Nonetheless, most of our interviewees, whether in favour of, or against either independence or federalism, lamented the fact that Kurds are “a denied people” both in the Middle East and in the diaspora, since their very claim to political existence is assumed to destabilize the Middle East. Stability in that region has historically meant the repression of political, ethnic and religious differences and the assertion of the political status quo, as has been experienced not only by Kurds but also by other groups targeted throughout the so-called Arab Spring. As such, as long as the Kurds continue to be subordinated and subjected to violence and dispossession in the Middle East, the Kurdish movement and its diaspora will remain politically conscious and the political and military struggle will continue in the region with the support of its diaspora.

Viewed as a threat

On the 31st anniversary of the armed struggle of the PKK against Turkey, clashes in Istanbul. Demotix/Willieffen Berger. All rights reserved.Overall, our research indicates that the political conflicts between the Kurdish movement and the Turkish state cannot be limited to and contained within Turkey’s boundaries since this ethnopolitical conflict has a highly transnational dimension that is not bypassing those European countries that are home to large Kurdish and Turkish diasporas. The recent and ongoing clashes taking place between members of the Kurdish and Turkish diasporas in Europe reflect the violent transnationality of this conflict: violence – as oppression and resistance alike – is ‘travelling’ across time and space. While the Kurdish diaspora is viewed by the Turkish diaspora as an extended arm of the PKK, many Kurds, in turn, believe that the Turkish diaspora is the transnational representative and defender of the Turkish state’s oppression of the Kurds.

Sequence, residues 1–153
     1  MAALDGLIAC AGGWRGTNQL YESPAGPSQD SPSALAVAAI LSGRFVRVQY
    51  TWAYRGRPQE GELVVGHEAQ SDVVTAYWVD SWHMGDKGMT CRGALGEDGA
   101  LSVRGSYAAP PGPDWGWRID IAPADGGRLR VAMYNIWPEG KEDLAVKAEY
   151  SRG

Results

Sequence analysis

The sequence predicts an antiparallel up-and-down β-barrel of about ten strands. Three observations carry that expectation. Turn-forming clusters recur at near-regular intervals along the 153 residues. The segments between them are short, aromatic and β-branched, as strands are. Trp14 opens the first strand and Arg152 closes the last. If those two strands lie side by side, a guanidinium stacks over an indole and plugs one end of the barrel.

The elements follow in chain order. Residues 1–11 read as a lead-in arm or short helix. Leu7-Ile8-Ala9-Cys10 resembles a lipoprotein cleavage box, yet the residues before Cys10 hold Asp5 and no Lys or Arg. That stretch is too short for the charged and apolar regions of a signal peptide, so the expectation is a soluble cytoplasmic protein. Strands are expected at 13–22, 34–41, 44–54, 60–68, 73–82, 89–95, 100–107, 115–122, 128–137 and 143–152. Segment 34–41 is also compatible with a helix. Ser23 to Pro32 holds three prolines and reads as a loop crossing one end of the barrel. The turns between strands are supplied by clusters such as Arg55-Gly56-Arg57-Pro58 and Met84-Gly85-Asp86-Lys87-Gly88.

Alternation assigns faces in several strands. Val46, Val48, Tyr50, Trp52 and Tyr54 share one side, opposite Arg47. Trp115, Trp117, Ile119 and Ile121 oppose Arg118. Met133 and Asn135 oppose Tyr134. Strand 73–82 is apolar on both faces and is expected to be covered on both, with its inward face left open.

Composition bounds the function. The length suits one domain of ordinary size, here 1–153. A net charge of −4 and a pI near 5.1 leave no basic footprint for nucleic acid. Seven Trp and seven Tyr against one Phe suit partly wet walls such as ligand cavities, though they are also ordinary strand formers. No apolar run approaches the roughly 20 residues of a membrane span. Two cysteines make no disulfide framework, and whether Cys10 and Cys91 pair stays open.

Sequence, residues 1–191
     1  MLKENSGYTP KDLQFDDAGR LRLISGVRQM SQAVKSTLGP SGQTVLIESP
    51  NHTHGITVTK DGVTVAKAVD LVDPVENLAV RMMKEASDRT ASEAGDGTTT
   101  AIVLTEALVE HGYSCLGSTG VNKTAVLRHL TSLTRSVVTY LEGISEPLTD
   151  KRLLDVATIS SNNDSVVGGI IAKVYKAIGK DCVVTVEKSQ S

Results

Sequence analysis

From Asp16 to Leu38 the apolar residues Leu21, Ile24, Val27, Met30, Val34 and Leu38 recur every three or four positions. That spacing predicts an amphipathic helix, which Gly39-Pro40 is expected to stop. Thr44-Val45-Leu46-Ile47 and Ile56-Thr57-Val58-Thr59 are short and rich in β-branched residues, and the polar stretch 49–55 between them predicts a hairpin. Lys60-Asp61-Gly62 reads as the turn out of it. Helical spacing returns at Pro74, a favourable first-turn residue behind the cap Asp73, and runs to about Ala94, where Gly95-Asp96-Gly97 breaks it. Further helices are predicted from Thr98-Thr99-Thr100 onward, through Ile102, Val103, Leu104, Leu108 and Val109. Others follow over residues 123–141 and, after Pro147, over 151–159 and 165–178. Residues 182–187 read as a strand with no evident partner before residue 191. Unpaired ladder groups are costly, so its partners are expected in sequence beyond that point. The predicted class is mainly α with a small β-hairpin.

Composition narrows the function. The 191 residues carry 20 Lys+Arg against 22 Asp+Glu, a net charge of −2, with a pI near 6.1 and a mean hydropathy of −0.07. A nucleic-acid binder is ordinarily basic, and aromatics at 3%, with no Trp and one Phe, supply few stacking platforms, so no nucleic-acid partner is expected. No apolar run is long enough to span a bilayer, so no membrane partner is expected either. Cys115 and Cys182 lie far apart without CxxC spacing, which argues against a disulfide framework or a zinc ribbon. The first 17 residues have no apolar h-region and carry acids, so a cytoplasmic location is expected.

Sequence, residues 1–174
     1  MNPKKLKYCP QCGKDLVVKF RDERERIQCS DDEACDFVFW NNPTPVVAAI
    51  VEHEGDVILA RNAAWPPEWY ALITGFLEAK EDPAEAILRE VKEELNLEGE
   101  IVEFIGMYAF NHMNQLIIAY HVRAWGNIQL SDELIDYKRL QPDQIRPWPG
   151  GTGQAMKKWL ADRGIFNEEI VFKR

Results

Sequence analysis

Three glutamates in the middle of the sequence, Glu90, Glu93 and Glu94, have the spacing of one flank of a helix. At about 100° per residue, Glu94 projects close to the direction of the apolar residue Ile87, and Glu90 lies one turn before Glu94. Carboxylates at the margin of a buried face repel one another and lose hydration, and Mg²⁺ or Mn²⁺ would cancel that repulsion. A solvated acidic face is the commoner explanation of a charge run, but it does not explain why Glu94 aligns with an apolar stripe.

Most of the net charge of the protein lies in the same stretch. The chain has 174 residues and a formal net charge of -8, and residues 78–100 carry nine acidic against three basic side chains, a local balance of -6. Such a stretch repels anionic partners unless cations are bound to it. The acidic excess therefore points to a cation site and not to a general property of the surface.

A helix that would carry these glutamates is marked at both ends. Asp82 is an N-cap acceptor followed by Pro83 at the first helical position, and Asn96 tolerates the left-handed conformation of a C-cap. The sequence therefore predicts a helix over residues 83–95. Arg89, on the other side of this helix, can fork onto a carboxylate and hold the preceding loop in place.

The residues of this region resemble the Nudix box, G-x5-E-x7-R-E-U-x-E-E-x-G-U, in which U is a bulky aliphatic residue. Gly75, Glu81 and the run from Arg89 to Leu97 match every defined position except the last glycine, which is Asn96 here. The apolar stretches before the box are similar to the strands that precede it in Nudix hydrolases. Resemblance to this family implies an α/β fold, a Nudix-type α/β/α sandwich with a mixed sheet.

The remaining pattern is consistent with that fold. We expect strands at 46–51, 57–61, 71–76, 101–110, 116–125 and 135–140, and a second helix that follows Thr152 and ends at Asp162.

Whether the recent violence in Turkey leads to a full-scale civil war depends on the ways other major political Turkish parties, and their supporters, react. As long as the conflict is framed by other parties as a conflict between the ruling-AKP and the PKK, civil war remains an unlikely outcome. One thing is particularly evident: anti-Kurdish politics and violence will persist as long as political Kurdish identity is viewed as a threat and not a framework through which Kurds can claim the right to exist and have a normative political and material presence in the Middle East.

BARZOO ELIASSI and ELENA FIDDIAN-QASMIYEH for openDemocracy.